Note that some of these roles may overlap. For example, an accountant may maintain the books or audit someone else’s. Alternatively, an accountant may offer to set up a budget for someone in addition to distributing money from a trust. So, don’t assume that taxes are all that accountants are involved in, though you will need to have a thorough understanding of the tax code and recent changes in it.

Accountants Are Obsolete

We’ve already mentioned that software has reduced the need for bookkeepers. However, it hasn’t eliminated the need for accountants. Instead, accountants are moving into financial planning, financial advising, and management roles. Accountants are more likely to provide advice to reduce someone’s future tax bill or amend a prior tax return to receive a refund for example, since so many people file their own taxes online using off-the-shelf software.

It Is All Men

This is far from true. In the United States, 60% of all accountants are women. In Canada, it is 50%. However, women are less likely to hold senior positions, and this contributes to the perception that the profession is male-dominated. Roughly one-fifth of partners in public accounting firms are women.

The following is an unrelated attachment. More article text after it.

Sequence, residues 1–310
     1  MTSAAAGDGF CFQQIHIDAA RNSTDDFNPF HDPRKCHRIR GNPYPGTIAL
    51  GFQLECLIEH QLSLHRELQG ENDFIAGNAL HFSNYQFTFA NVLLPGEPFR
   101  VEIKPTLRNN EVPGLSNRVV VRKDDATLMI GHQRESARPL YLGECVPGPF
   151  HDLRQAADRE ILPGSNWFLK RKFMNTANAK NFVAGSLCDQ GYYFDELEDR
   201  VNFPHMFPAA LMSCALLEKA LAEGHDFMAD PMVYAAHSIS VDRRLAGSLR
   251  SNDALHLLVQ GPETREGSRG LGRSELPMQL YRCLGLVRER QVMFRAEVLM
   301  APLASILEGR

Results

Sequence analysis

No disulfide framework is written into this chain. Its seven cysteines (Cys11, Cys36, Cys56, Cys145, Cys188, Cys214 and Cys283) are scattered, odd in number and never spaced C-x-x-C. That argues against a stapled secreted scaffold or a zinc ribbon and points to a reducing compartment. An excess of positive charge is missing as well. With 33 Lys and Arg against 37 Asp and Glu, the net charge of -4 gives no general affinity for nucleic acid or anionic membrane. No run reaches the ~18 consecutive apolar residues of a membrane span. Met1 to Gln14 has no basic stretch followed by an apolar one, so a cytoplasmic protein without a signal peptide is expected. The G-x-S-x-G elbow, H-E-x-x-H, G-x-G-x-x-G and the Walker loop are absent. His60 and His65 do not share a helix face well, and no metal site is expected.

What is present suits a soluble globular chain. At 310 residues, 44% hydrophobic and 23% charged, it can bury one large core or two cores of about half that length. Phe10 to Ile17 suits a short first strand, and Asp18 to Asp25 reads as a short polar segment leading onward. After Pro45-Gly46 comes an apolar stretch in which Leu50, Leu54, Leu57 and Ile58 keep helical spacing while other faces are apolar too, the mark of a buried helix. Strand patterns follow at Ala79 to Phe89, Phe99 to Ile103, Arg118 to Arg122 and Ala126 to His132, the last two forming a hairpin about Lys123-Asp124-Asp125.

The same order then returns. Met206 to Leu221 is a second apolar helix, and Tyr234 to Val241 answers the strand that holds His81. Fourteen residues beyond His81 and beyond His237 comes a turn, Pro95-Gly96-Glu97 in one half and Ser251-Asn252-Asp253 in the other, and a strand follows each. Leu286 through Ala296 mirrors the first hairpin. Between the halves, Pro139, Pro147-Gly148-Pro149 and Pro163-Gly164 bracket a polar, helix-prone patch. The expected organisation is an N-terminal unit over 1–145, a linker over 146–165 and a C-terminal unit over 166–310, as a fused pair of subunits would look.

Accountants Are All Introverted Nerds

We’ve mentioned how being detail-oriented is a strength in this profession, but one can be conscientious without being introverted. In fact, people skills are an increasingly important job requirement.

Few accountants are sitting in a back room maintaining the financial books these days. Instead, they’re working on project planning teams, setting budgets and schedules, and adjusting each as issues arise. They’re prominent members of management teams, providing detailed analyses and reports so that they have the data they need to make the right decision.

Accountants are often tapped to become managers as well, and they’re expected to train new hires and educate staff about financial matters. Communication skills, cross-functional teamwork, and salesmanship are now part of the job description.

Don’t let the myths, misconceptions, and historical stereotypes of accountants dissuade you from considering a career in accounting. The profession is growing and changing, but it has a bright future ahead of it.